John Paul Sartre: “All existing things are born for no reason, and die by accident…It is meaningless that we are born, it is meaningless that we die.

In Sigmund Freud’s perception, life is a struggle that simply ends in the complete defeat by death.

There is Camus’ image of Sisyphus condemned forever in the pointless pushing of that rock. Camus said that life is absurd, but human authenticity consists in living as if it were not.

The alleged meaninglessness of life is dramatically captured by Beckett’s characters waiting, waiting endlessly for the never appearing of Godot.

To be fair, I can recognize the geniuses of some non-religious versions of fulness and flourishing.

For myself, as Joan Baez sings: “every day that passes I’m sure about a little less.” But I do accept the Christian conviction that we are not accidental bubblies upon the great cosmic deep, destined to burst and be forgotten.

There are three principal ideas of human perfection. In antiquity the Barbarians made perfection consist principally in fortitude. The majority of Greek philosophers thought that perfection consisted in wisdom. Christianity teaches that perfection is especially found in charity; in transcending ourselves and living a life of self-giving.

Catholicism affirms that there is more to life than meets the eye. The longer I live, the more I have an awareness of something beyond and beneath the everyday; something especially hinted at in the daily flickers of loving moments. Indeed, I think there is an unseen reality behind everything.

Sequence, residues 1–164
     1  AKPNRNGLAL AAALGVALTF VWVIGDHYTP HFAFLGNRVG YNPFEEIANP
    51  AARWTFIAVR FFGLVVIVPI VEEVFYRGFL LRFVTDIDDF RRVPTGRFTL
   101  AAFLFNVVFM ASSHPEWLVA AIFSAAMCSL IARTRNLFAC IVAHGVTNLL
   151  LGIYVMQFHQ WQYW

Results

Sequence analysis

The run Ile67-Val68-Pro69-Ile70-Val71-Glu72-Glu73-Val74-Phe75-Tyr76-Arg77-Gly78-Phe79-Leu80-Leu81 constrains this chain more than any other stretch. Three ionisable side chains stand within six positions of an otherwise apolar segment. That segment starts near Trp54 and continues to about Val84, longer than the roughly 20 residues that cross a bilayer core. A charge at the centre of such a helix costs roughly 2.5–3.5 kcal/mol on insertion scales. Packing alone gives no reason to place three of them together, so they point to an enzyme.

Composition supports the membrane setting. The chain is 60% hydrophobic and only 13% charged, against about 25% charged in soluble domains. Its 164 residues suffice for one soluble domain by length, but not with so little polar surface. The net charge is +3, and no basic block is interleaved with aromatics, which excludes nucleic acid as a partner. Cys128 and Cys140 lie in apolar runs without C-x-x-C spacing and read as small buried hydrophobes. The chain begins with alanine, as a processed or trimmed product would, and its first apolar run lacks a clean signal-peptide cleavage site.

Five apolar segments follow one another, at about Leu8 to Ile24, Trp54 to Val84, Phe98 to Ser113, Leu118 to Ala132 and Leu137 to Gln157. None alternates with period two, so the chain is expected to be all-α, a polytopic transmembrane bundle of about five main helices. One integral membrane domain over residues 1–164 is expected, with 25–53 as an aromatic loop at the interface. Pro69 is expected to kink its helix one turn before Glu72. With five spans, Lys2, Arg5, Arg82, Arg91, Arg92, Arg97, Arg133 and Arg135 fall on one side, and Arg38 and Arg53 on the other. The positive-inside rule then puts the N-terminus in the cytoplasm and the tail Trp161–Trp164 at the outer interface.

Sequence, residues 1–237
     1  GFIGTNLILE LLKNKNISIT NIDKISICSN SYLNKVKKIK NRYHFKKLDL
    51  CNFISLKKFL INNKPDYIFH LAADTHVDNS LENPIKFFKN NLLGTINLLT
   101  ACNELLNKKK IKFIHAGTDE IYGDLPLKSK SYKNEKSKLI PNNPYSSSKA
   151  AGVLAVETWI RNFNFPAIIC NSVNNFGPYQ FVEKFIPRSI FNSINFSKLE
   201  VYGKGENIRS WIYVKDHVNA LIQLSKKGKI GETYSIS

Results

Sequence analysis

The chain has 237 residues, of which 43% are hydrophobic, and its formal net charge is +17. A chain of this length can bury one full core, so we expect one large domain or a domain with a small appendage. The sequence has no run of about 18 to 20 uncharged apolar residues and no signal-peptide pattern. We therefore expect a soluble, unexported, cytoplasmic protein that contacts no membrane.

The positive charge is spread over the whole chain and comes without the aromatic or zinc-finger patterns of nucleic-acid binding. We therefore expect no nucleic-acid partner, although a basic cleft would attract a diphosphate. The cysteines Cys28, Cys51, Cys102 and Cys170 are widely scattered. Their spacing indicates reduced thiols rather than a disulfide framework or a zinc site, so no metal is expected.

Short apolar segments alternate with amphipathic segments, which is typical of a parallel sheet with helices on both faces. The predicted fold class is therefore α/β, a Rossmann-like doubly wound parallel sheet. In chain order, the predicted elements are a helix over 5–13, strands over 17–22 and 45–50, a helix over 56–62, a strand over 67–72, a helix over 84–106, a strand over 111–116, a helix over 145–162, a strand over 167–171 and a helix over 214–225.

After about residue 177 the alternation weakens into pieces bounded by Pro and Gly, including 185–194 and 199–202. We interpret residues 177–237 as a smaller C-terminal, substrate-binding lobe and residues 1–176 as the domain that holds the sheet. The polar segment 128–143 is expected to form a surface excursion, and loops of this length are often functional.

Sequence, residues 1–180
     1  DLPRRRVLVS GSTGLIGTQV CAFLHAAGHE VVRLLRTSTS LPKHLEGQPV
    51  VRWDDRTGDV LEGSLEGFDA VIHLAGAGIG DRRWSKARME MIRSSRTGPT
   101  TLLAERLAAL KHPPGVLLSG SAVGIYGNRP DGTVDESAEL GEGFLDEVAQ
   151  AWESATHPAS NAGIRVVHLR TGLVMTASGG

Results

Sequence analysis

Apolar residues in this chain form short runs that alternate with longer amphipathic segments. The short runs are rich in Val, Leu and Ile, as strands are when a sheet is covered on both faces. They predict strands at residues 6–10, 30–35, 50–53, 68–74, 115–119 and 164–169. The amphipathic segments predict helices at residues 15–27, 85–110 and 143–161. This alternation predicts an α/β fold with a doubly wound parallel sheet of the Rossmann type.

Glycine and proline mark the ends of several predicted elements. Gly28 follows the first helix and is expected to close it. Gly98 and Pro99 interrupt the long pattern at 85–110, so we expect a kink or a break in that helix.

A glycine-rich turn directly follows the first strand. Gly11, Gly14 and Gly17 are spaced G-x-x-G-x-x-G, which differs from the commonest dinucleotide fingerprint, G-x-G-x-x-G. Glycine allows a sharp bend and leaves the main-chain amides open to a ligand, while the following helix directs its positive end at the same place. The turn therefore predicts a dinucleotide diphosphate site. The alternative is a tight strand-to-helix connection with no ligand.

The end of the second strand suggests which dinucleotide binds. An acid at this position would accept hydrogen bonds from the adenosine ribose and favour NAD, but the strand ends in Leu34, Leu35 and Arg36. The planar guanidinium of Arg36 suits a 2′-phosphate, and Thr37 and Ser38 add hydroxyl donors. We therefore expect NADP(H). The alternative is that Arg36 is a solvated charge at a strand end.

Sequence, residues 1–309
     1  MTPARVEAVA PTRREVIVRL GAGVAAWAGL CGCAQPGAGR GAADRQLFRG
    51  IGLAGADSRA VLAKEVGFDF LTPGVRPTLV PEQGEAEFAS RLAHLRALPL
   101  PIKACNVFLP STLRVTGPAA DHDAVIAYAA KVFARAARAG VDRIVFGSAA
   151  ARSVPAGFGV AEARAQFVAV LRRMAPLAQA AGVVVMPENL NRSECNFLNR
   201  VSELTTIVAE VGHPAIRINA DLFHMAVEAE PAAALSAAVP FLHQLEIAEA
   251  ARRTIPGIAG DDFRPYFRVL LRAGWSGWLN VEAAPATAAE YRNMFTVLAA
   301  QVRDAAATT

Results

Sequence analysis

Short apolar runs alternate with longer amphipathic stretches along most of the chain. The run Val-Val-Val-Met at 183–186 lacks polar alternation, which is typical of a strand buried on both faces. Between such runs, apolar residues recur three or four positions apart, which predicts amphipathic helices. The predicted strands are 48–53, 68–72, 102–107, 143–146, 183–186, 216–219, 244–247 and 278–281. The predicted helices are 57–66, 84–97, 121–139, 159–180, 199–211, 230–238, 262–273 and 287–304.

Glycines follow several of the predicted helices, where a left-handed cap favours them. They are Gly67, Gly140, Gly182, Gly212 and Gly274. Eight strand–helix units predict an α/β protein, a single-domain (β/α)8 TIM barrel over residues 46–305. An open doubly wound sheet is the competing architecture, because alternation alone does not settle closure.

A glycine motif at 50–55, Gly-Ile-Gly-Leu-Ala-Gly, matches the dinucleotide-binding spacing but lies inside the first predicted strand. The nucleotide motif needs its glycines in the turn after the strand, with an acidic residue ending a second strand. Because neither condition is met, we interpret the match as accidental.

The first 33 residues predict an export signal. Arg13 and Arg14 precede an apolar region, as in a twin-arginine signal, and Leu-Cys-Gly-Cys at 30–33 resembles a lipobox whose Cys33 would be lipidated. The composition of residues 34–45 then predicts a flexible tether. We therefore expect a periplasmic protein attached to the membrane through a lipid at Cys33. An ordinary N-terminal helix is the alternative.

St. Paul, preaching to the Greeks in Athens, said that God created us “so that we might seek God, and find Him: (Acts 17:27)

I think we live in a time where more and more people are asking “is this all there is?” No matter how happy our lives, a certain restlessness never goes away, the nagging restlessness that there must be something more than our day-to-day existence. A man I knew was assigned the job of working to establish a new marketing strategy for a new line of adult diapers. This marked the beginning of his search to find a greater meaning in his life.

There is the abiding discontent, a longing for the “more,” a kind of dissatisfaction, a kind of loneliness. For the theologian, Karl Rahner, to be human is to be an immense longing. Chesterton said “even at home, I am homesick.” Even the atheist, Sigmund Freud, when 66 years old, spoke of a “strange longing,” and began thinking there might be perhaps “life of quite another kind.” Again, there was the sense that there is something missing.

Throughout his life and writings, John Updike expressed intimations of an absence at the core of things. He clearly suggests it is a sign of the longing of the human heart for God. Updike wrote that people “yearn for some religion or spiritual assonance that they are more than a fleck of dust condemned to know they are a fleck of dust.”